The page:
According to Mabry, ALFA is running radio advertisements on black stations around the state encouraging African-Americans to vote yes on Amendment 4.
“For decades and decades and decades ALFA insurance has been opposed to anything progressive in Alabama. They have been against any kind of reform effort,” said Mabry. “They have been against any kind of tax reform, education reform or constitutional reform.” Mabry believes that ALFA’s support points to something more than language reform, “Something smells here.”
If Mabry is right, what is ALFA’s agenda? Is it to make sure that no more money is spent on education?
“That is exactly the case,” says Marby.
However, backers of the amendment turn it around and point a finger at the AEA, saying, the AEA is taking an offensive posture to seek more money for school and more money for teachers and the consequently more money for the AEA.
“We are in a defense posture,” said Mabry. “We don’t want to be in the position, where they make a case that education is not a responsibility of the government, that is what Amendment 111 does.”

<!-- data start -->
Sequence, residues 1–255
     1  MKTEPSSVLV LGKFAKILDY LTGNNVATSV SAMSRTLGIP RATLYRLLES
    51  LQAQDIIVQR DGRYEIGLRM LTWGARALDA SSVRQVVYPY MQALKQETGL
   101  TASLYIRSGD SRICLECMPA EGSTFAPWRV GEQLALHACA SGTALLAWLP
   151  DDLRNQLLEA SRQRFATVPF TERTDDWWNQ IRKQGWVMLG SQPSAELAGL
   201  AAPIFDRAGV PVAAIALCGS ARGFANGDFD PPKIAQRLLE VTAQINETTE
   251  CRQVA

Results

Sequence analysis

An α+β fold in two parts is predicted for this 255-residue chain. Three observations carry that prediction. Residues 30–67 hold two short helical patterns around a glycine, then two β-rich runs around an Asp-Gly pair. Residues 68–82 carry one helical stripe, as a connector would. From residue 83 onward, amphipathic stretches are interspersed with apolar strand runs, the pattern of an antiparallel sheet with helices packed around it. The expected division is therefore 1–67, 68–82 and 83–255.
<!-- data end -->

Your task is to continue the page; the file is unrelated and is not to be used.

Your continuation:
While Amendment 111 doesn’t say anything about putting more money into school, Mabry says, “What is does say is that the state doesn’t have to provide money for schools which could certainly open the door for diversion efforts in the future.”
Some have suggested that the AEA is looking for a way to bring back the Equity Funding lawsuit, that was fought in the Alabama courts for 12 years.
However Mabry says, “Do we see this as a way to get back into the equity funding lawsuit, no but proponents would say that to try to scare people.”
Mabry says that the AEA discovered this slight of hand in Amendment 4 only in the last few weeks, the discovery led them to take a stand “in favor of pubic education.”
Recently, talk radio and detractors of the AEA have been painting the organization as being against removing racist language from the Alabama Constitution.